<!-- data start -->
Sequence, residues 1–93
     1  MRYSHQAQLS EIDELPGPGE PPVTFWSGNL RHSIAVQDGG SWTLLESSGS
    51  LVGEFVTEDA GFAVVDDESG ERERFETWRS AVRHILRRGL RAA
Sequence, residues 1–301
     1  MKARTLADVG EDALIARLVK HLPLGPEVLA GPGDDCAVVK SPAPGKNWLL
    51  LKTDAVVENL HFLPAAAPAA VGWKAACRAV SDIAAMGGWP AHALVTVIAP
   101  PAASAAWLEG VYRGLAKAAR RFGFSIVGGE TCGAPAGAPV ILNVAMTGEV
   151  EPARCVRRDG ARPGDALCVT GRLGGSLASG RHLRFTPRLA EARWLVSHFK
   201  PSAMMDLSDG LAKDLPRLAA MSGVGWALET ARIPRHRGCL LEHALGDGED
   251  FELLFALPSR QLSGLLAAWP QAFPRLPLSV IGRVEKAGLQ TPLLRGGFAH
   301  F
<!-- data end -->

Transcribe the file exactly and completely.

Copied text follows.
Sequence, residues 1–93
     1  MRYSHQAQLS EIDELPGPGE PPVTFWSGNL RHSIAVQDGG SWTLLESSGS
    51  LVGEFVTEDA GFAVVDDESG ERERFETWRS AVRHILRRGL RAA
Sequence, residues 1–301
     1  MKARTLADVG EDALIARLVK HLPLGPEVLA GPGDDCAVVK SPAPGKNWLL
    51  LKTDAVVENL HFLPAAAPAA VGWKAACRAV SDIAAMGGWP AHALVTVIAP
   101  PAASAAWLEG VYRGLAKAAR RFGFSIVGGE TCGAPAGAPV ILNVAMTGEV
   151  EPARCVRRDG ARPGDALCVT GRLGGSLASG RHLRFTPRLA EARWLVSHFK
   201  PSAMMDLSDG LAKDLPRLAA MSGVGWALET ARIPRHRGCL LEHALGDGED
   251  FELLFALPSR QLSGLLAAWP QAFPRLPLSV IGRVEKAGLQ TPLLRGGFAH
   301  F